L'Assassin à la pomme verte refers (obliquely) to René Magritte's painting of the anonymous man whose face is unseen because of the apple in front of him. Christophe Carlier had previously published Lettres à l'Académie française (2010) and various other works of non-fiction (including one on Marquerite Duras), but this is his first novel. And very good it is too.
Mystery? Murder story? Well, yes and no. This is a novel told in several different voices, and could very easily be turned into a play, virtually all the action taking place at the Paradise hotel in Paris. The main player is Craig, who's English, teaches French Literature at an American university, has been invited to Paris and is in the throes of divorce; in the same hotel is also Elena, who is a married Italian woman in Paris on fashion business; the third principal narrator is Sébastien, the all-seeing receptionist.
Hotel bars, of course, are often peopled by idiots, such as the Italian Arturo Apanazzi, who is only too keen after a skinful to talk about his three women, his wife and two mistresses with whom he apparently separately shares his life and separate children. Elena clearly doesn't like him, which Craig (a virtual stranger to her) notes and resolves to do something about. Murder is on his mind, although he doesn't really seem to have motive enough.
But then he murders the Italian loudmouth: pushes him violently to his hotel room floor, slits his throat, and then, er, strangles him with the tie he's wearing. The police swarm the hotel, Craig clearly has no motive for murder so is surely beyond suspicion, so maybe it's one of the Italian's lovers: the existence of the postcard saying 'Ti amo', which is present at the murder scene and which the Italian brandished in the bar must surely have a meaning, no?
Well, maybe the significance will come later. Meanwhile there's the, er, murder weapon, which Craig leaves casually on the ground during a walk, and which Sébastien will pick up on his way home and leave in his pocket to open hotel letters. Uh? Well, he also suspects Craig, who after the murder came down the stairs and went for his walk. Is that strange? Well, yes, as it's normal to walk from the second floor (where Arturo was staying) to the ground, but not to walk from the fourth floor (where Craig was staying) to the ground floor. Suspicious, that, although Sébastien doesn't want to say anything to the police: the reader would have thought that he was Craig's nemesis, but he seems intellectually way beyond that. And as for the knife, better for things to take whatever course they might, and Sébastien just puts it in someone's luggage, which quite by chance happens to belong to Craig, although it doesn't matter anyway.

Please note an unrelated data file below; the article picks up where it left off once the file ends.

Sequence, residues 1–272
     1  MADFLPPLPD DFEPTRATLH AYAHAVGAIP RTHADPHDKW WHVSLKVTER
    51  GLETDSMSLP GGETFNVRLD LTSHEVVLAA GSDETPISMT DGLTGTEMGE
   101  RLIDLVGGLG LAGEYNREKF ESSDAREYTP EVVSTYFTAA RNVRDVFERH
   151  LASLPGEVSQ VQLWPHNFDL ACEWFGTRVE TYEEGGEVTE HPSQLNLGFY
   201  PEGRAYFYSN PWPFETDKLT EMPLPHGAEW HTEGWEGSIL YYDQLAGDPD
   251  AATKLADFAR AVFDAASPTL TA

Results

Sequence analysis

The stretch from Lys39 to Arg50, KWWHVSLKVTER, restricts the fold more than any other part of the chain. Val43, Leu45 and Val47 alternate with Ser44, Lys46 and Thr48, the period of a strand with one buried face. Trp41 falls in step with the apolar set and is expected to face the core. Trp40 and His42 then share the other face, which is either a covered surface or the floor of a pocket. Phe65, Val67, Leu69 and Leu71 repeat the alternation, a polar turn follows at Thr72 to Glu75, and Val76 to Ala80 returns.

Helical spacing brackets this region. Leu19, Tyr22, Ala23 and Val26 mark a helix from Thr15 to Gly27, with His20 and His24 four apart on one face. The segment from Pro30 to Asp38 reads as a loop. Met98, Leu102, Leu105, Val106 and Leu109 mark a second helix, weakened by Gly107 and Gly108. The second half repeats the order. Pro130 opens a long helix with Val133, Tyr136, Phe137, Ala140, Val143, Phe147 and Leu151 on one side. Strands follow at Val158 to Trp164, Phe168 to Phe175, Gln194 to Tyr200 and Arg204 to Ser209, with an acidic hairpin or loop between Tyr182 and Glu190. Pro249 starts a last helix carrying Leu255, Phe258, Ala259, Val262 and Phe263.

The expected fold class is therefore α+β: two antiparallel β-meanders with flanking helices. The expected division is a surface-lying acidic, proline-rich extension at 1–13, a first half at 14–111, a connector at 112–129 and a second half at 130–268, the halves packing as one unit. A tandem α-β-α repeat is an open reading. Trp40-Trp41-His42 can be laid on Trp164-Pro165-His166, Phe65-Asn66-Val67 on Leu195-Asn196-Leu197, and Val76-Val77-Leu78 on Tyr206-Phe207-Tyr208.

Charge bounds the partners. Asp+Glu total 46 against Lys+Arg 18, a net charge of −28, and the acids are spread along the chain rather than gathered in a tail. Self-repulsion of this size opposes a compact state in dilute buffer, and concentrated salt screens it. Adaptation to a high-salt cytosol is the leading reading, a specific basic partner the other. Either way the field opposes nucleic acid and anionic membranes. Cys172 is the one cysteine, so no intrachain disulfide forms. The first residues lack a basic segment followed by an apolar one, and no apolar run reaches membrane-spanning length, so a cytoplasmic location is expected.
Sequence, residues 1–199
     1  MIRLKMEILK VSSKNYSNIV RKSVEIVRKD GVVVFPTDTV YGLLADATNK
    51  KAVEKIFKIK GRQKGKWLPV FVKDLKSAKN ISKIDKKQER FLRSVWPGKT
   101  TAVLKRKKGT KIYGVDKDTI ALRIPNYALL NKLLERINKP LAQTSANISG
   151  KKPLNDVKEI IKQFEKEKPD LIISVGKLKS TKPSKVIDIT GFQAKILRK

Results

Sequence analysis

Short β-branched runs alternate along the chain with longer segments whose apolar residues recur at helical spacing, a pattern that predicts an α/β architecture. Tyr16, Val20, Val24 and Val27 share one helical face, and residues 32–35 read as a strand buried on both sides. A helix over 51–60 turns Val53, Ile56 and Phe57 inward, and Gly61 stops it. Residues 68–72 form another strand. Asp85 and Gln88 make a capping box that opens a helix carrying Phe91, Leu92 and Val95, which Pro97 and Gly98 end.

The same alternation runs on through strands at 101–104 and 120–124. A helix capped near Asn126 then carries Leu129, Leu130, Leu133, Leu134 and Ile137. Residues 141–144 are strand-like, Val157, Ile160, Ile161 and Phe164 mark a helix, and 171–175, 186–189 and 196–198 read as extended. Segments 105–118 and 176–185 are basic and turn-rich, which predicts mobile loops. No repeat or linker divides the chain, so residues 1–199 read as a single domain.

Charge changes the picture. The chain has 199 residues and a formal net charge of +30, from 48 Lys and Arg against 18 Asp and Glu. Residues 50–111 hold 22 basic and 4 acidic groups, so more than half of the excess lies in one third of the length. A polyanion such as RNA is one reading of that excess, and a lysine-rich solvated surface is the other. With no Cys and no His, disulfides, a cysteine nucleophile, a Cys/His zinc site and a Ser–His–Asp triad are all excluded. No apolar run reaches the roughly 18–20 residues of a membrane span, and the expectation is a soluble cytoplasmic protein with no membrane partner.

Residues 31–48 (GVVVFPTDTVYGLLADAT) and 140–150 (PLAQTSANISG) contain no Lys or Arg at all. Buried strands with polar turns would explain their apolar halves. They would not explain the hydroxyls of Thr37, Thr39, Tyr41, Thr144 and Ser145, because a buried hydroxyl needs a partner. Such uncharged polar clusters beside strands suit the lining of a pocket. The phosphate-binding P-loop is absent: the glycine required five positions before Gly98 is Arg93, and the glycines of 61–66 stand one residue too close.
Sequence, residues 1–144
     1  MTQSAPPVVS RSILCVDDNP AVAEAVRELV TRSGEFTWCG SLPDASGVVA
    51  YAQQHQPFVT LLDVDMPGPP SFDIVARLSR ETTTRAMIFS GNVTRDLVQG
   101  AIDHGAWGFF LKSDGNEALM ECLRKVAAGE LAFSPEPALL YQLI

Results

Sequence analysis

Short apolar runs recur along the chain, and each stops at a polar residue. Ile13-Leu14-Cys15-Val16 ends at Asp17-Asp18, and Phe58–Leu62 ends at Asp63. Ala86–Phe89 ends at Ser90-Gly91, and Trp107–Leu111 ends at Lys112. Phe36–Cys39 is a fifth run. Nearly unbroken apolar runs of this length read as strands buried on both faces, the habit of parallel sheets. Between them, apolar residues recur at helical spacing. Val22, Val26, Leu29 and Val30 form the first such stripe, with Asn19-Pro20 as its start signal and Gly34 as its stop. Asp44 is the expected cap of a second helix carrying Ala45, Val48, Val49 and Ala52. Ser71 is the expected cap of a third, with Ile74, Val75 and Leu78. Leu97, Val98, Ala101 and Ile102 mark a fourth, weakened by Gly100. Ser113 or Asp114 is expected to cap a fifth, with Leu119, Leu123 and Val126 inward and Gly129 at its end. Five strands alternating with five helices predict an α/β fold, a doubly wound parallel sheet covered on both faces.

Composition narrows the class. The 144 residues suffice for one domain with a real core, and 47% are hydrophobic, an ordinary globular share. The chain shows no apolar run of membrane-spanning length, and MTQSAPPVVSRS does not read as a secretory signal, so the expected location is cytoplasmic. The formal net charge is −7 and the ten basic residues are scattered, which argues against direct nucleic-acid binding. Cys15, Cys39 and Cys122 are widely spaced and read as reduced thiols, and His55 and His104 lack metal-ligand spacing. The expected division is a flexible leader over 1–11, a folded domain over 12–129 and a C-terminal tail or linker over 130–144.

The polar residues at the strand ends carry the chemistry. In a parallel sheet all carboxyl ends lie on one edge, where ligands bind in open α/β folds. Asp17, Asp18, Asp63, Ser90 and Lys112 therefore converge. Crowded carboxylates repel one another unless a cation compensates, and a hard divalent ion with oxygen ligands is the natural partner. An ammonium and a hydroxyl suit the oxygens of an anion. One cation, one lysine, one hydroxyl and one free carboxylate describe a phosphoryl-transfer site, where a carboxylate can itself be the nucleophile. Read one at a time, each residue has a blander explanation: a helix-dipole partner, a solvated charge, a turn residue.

Everything has been leading up to Elena (LNA)
having sex with making love to Craig, which eventually happens, and affects them both. But Elena returns to her husband in Italy and Craig to his wife (yes, he still has one: he married a student, and he wasn't divorcing at all) in New England (state unspecified). And he didn't murder the Italian, who died naturally of a heart attack just before being, er, attacked. But in any case Craig has Alzheimer's and dies shortly after his return. A few months after his death Elena writes to him, can't get him out of her mind, and Craig's wife Vicky pretends to be him, writes back as her using the unfortuante words 'Ti amo', can't understand how her husband came back from AD so suddenly, and eagerly awaits for Elena's reply.
I'm not too sure when the story is supposed to be set, but cell phones are in use, so why not emails? In an internet age people use snail mail here. Great story, but the technology seems screwed.